Format: Internet video on laptop.
I’ve learned a few things in doing this blog based on large lists of films. One of the things you learn quickly is that when you locate a film that’s been difficult to find, the best thing to do is watch it as quickly as you can. Frequent commenter Joel posted a link to White Banners the other day, and while I had plans to start my 2017 Oscar films today, I knew that I’d have to change those plans. It turns out that the same website has a couple other difficult-to-find films, so I’ll likely be hitting those soon enough.
Before I jump into the movie, it’s worth talking about a little bit of Oscar history here. It’s not often that you encounter a movie that changed the way that Oscars are nominated and voted on, but White Banners is such a movie. Fay Bainter was nominated for Best Actress for this role, and was simultaneously nominated for Supporting Actress for Jezebel, which she won. I’m not entirely sure how the rules were changed—I’m going off what IMDB tells me here on Bainter’s trivia page (if you know, please—use the comments below). It’s also worth noting that it was Bainter who handed Hattie McDaniel her Oscar the next year.
One of the things I find fascinating about films from this era is what is more or less considered normal for people. The Ward family who will take center stage of the ups and downs of life in White Banners are poor. Do you know how we know they are poor? They don’t have any servants. I’m continually struck by this. The “average” family in so many films of this era have help. It would seem to me, though, that this would mean that the help is a sizable percentage of the population, and are thus…not normal? I’m not sure. I can’t help but think that in 1938 as well as through most of the Great Depression that most people didn’t have help, and yet this seems to be the norm for Hollywood. It’s not too different from what I mentioned with I, Daniel Blake about a week ago. American depictions of poverty are often really depictions of what many would consider roughly middle class. That appears to be the case here.
Anyway, Paul Ward (Claude Rains) is a chemistry teacher who spends his nights trying to invent something (anything!) to improve the family fortunes. Wife Marcia (Kay Johnson) is tired and not quite recovered from the birth of their young child, while daughter Sally (Bonita Granville) constantly chides her father for being mean to Peter Trimble (Jackie Cooper), a boy on whom she has a significant crush. The world of the Wards changes greatly one day when a homeless woman selling apple peelers appears at the back door.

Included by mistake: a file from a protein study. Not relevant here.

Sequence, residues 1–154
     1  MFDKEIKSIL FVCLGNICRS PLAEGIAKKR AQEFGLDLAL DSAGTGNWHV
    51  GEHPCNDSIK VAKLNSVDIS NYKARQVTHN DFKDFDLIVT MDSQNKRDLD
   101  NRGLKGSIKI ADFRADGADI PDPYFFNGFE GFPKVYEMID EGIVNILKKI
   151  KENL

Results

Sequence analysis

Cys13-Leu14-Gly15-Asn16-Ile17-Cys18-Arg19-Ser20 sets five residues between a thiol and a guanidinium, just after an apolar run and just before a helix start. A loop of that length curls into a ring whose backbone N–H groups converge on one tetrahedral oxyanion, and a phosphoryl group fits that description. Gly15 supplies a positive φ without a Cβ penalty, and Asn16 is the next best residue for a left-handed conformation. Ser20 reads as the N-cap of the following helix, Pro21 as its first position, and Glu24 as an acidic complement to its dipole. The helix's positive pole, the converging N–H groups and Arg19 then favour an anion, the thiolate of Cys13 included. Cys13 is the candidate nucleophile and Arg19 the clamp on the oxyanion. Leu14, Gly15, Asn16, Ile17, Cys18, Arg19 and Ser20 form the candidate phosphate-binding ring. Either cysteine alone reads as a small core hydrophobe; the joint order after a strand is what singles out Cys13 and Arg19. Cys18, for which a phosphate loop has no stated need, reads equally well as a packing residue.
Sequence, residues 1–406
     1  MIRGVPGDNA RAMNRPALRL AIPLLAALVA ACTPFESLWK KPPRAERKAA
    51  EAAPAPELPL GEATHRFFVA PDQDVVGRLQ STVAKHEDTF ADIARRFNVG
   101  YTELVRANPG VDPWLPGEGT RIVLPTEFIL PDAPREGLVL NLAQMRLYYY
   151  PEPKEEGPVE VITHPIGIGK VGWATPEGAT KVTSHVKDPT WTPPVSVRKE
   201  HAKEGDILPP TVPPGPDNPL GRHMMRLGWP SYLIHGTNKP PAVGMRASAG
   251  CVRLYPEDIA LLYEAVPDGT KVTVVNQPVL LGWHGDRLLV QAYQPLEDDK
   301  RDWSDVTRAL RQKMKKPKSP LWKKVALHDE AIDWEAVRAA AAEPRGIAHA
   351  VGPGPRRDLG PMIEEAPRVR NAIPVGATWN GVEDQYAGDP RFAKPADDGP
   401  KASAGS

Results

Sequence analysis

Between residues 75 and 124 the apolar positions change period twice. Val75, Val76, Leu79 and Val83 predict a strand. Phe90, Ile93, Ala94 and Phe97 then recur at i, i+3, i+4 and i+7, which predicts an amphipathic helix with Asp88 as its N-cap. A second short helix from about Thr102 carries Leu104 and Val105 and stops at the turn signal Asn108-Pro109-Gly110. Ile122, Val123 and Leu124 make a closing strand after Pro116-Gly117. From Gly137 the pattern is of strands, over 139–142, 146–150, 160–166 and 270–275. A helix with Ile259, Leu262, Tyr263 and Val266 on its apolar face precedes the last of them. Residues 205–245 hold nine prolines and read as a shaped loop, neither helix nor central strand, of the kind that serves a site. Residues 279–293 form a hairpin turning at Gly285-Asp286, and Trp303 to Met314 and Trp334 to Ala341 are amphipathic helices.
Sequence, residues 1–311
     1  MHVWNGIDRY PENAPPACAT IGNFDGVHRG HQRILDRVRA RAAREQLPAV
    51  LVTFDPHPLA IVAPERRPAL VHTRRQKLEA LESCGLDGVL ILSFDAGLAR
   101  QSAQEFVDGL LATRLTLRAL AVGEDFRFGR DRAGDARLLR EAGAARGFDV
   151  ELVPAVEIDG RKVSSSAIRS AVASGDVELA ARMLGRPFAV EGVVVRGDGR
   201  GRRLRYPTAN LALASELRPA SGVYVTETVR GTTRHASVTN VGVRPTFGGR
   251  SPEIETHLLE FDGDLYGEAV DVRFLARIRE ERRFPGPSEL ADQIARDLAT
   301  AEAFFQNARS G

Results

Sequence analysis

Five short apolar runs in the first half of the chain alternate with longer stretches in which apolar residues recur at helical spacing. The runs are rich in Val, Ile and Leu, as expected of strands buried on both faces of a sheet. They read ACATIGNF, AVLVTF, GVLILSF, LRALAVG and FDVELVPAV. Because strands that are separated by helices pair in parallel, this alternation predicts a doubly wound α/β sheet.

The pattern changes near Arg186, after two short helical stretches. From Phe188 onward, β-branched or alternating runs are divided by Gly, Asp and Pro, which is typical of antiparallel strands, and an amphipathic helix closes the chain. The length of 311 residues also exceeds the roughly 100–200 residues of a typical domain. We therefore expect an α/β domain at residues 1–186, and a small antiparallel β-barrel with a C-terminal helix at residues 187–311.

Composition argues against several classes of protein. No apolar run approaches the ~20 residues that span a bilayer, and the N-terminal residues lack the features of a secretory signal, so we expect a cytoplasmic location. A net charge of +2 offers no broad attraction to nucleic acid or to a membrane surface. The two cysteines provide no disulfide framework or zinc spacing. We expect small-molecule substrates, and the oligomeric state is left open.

The woman in question is Hannah (Fay Bainter), who soon insinuates herself into the life of the Wards, more or less working for room and board. Really, what she tells Marcia Ward is that she’ll save the family money on groceries and other items, and she’ll pay herself out of the savings she creates. Honestly, getting room and board in the height of the Great Depression was probably a pretty good deal in and of itself. Anyway, Hannah soon proves herself to be a fine cook and extremely shrewd.
What will follow will be a high point, a very deep low point, and a concluding high point with some solid melodrama and Dickensian coincidences tossed in. Paul Ward is told to take Peter Trimble under his wing. The two set about inventing the refrigerator (yes, really. That’s the plot), but the idea is stolen and patented by some local businessmen thanks to Peter’s clumsiness. The loss of his invention is coupled with the sudden serious illness of Sally, putting the Wards into a very deep hole. Leave it to Hannah and her grand philosophy of life to get the family out of it and get Paul Ward in particular back on his inventing feet.
All of this is well and good, but that’s not all we’re going to get with White Banners. No, we’re going to have some melodrama shoehorned in with our morality of turning the other cheek. See, there’s a connection between Hannah and some people in town, and before we’re all done, that’s going to be brought into the open and we’re going to have some conversation and tears about it.
Yes, I’m being a bit dismissive here, but it’s not easy to take White Banners that seriously in terms of its plot. This is drippy stuff, the sort of thing that makes one long for the sane, hard-hitting ideas of Frank Capra. The cast is a good one, though. It’s difficult to go wrong with Claude Rains in general, and despite the formula and the clear attempt to shoot for some tears and extra drama, Fay Bainter is quite good as an actress.
What this means is that White Banners is less than the sum of its parts. I love Claude Rains; I like Fay Bainter, but I don’t love the movie itself. I don’t hate it, either, but I don’t love it. The main reason I don’t is that the philosophy it seems to espouse is one that, bluntly, would get anyone who followed it screwed 99 times out of 100.
Why to watch White Banners: It’s rather sweet in spite of itself.
Why not to watch: It’s sometimes more twee than sweet.